June 3, 2010 / 5:05 PM / 7 years ago

Rival auction houses aim for new heights in London

LONDON (Reuters) - Rivals Christie’s and Sotheby’s are expecting to hold their biggest ever London sales later this month, reflecting growing confidence in the art market boom.

Christie’s announced on Thursday it was offering a 1906 Monet water-lily painting worth an estimated 30 to 40 million pounds ($44-59 million), the same price as a Blue Period portrait by Pablo Picasso.

The pair, plus 61 other works on offer, are expected to take the tally on June 23 to 164-231 million pounds, which, if realized, would be well above the London record of 147 million pounds set at Sotheby’s in February.

“We are witnessing a great willingness from clients to consign works of art of the highest quality,” said Giovanna Bertazzoni, head of impressionist and modern art at Christie‘s.

Sotheby’s said it expected to sell art worth 101-148 million pounds at its equivalent sale on June 22, its highest pre-sale estimate in London.

Its auction centerpiece is a painting by Edouard Manet valued at 20-30 million pounds, one of just two self-portraits by the artist and the only one in private hands.

RECORDS TUMBLE

Both of the world’s leading auctioneers have set records in recent months, starting with Sotheby’s in February when a Giacometti statue went under the hammer for $104.3 million, the world auction record for a work of art.

Three months later, Christie’s topped that with a Picasso which fetched $106.5 million in New York.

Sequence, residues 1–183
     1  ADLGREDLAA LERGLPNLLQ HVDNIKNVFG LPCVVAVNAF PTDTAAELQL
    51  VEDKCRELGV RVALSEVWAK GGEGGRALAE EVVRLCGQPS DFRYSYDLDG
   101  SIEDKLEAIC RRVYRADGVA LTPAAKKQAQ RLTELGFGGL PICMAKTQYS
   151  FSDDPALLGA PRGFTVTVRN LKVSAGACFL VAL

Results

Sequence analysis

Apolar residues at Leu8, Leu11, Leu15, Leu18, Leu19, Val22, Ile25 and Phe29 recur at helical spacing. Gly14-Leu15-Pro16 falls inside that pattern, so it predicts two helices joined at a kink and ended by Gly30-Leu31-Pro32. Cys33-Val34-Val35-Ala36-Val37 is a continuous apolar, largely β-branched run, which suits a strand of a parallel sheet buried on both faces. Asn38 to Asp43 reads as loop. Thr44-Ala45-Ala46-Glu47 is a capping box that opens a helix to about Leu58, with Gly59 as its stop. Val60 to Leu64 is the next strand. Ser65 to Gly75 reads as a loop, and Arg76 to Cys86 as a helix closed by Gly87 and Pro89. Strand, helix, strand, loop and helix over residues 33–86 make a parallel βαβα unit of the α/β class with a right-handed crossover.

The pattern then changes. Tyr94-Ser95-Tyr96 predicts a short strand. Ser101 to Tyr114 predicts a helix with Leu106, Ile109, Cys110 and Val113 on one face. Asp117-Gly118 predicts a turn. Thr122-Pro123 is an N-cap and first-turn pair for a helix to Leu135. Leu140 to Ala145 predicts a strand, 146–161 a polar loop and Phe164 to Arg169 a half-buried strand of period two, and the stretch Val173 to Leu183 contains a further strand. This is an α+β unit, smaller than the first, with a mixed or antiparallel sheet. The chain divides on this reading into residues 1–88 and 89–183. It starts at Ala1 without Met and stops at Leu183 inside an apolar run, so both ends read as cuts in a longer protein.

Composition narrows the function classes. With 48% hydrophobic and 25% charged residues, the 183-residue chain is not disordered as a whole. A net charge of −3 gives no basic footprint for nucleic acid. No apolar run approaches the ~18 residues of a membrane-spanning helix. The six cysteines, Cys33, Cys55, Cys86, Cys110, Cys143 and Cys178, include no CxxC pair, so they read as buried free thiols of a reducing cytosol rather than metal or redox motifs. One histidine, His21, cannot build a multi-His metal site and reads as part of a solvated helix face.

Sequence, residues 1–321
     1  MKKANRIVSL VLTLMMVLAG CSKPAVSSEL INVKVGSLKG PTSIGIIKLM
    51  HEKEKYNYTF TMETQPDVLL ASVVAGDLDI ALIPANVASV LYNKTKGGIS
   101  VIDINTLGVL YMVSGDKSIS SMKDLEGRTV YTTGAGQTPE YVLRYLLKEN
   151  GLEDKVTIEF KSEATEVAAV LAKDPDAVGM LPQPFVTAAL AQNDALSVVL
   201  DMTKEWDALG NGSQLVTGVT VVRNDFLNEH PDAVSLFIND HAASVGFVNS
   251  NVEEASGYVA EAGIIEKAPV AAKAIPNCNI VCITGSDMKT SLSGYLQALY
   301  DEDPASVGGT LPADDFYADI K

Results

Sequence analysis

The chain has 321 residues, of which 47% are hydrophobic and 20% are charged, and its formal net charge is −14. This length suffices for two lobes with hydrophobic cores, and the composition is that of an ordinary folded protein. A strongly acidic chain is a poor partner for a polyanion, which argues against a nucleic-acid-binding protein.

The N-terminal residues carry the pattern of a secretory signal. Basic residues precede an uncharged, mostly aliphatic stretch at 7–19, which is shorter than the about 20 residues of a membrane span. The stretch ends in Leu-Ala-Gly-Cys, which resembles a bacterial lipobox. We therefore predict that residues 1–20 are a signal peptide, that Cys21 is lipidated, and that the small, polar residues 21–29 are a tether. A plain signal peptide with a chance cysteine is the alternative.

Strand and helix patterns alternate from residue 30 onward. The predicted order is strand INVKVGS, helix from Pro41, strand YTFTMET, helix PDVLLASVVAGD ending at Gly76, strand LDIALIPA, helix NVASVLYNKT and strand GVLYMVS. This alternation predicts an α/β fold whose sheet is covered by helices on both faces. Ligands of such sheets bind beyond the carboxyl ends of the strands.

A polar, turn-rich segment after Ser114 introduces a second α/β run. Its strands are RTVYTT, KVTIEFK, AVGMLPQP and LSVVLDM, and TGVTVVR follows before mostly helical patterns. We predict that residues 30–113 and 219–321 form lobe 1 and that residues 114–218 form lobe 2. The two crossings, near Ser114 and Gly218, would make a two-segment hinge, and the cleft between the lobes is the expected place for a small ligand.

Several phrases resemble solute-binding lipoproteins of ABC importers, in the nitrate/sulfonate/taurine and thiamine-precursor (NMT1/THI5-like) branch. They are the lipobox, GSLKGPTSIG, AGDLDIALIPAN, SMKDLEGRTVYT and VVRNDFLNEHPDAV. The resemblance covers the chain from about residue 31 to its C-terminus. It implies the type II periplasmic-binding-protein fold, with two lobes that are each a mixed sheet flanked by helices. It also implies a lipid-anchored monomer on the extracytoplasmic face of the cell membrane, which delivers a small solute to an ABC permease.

The top European auction total stands at 183 million pounds for the impressionist and modern art section of the private Yves Saint Laurent collection.

With records tumbling, it comes as little surprise that owners of the finest art are willing to offer it up for sale.

Uncertainty over the state of the broader global economy has failed to dampen the mood in sales rooms, experts say, with only a handful of super-wealthy individuals or institutions needed to drive values higher.

A relatively short-lived slump in the art market was caused as much by sellers drying up as by buyers no longer wanting to pay out large sums for paintings and sculptures.

Christie’s described demand for the rarest works of art as “fierce,” coming from Russia, China and the Middle East as well as the more traditional markets of Europe and North America.

“Nympheas,” the work by Monet to be offered by Christie‘s, was shown at the famous 1909 exhibition in Paris where the artist’s studies of the effects of light in his garden in Giverny won critical acclaim.

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